Ageratum, is a genus of 40 to 60 tropical and warm temperate flowering annuals and perennials from the family Asteraceae, tribe Eupatorieae. Most species are native to Central America and Mexico but four are native to the United States. They form tussocks or small hills. They grow to a height of 75 cm. The opposite leaves are cordate or oval, hairy or tomentose. The margins are slightly toothed or serrate. The leaves form compact clusters. The fluffy flowers are lavender-blue, pink, lilac, or white; and spread in small compound umbels. They give small, dry fruits.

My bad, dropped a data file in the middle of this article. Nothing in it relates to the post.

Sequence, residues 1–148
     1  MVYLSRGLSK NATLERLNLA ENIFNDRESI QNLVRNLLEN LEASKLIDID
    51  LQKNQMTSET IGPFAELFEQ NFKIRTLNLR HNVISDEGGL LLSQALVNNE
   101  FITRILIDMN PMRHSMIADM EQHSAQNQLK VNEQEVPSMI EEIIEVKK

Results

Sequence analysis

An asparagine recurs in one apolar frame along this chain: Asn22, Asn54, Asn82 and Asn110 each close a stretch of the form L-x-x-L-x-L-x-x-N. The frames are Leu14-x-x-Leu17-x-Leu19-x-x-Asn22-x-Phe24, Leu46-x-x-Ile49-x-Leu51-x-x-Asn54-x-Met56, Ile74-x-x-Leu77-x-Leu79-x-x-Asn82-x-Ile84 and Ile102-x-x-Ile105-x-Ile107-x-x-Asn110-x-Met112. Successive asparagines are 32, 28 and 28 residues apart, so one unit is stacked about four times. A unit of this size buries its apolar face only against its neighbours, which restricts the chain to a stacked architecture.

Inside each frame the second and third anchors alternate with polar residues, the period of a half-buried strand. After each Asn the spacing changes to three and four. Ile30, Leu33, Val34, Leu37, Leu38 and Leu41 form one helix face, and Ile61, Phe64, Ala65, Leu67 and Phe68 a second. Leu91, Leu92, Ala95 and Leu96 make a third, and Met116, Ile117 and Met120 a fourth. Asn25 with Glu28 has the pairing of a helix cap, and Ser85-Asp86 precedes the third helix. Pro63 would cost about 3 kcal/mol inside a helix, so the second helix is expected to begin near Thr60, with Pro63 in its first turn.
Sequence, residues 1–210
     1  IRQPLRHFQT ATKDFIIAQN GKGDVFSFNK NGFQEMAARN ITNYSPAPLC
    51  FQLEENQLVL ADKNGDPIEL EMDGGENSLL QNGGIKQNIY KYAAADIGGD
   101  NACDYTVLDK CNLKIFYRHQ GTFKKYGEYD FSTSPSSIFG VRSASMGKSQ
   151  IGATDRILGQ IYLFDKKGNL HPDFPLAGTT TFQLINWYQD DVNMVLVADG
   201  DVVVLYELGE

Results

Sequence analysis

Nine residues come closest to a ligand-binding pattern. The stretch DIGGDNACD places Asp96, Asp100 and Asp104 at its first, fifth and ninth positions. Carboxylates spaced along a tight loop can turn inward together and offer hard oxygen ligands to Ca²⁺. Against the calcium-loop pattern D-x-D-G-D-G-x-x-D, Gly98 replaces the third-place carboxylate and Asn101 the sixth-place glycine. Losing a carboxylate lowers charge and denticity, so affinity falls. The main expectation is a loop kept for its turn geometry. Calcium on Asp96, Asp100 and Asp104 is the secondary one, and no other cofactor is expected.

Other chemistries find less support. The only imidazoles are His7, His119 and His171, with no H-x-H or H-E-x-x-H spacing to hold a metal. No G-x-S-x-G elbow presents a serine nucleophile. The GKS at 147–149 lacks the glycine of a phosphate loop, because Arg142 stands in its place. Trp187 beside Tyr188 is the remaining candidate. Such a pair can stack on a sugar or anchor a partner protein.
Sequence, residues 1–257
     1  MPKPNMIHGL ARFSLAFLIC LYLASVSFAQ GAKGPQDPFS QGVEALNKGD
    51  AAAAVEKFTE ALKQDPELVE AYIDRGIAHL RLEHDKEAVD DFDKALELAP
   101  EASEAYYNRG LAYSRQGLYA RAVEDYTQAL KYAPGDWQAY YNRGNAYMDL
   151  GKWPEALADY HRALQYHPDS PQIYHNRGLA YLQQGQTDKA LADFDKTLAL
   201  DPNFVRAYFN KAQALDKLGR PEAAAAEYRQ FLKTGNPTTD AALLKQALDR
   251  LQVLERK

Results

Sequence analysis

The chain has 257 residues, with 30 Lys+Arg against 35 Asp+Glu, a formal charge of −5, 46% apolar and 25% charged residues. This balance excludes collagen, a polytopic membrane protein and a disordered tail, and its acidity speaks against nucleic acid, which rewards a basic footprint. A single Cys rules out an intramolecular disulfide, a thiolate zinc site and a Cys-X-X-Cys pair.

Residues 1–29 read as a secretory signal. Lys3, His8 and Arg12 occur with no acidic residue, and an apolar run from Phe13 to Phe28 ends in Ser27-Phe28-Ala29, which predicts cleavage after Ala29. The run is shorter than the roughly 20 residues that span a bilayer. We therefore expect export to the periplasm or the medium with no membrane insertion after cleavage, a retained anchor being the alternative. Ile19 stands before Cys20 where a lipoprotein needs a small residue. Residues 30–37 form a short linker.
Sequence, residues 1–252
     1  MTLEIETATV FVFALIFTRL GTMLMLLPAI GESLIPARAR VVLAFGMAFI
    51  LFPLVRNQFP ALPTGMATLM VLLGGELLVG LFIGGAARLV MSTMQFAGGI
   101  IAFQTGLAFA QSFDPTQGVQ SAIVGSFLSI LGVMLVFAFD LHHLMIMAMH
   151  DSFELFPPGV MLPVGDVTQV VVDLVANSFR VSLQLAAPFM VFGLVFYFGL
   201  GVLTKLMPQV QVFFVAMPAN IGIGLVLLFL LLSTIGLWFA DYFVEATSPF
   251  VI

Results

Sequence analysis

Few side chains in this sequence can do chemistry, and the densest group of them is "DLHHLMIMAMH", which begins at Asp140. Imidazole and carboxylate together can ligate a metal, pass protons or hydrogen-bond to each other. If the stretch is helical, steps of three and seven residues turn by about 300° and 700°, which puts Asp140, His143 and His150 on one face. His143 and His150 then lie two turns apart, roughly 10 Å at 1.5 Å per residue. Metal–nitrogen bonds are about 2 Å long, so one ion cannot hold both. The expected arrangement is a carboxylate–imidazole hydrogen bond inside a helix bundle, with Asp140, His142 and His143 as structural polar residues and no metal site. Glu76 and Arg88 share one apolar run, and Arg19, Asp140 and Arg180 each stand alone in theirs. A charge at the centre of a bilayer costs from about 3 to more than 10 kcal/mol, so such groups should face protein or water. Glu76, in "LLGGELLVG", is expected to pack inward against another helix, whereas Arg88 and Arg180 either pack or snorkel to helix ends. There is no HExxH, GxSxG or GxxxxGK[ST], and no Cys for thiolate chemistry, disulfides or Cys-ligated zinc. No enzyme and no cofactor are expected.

Ageratums are grown for their flowers, especially A. houstonianum. Most common ageratums, "Hawaii" for example, are a short 25 cm when fully grown. Tall ageratum are also available in seed catalogues. The blue-coloured varieties are most popular and common, but colours also include violet, pink and white. Their size and colour makes ageratums good candidates for rock gardens, bedding, and containers. They grow well in sun or partial shade, from early summer to first frost. They are quite easy to grow, producing a profusion of fluffy flowers all season long.
This post is part of the Floral Friday Fotos meme.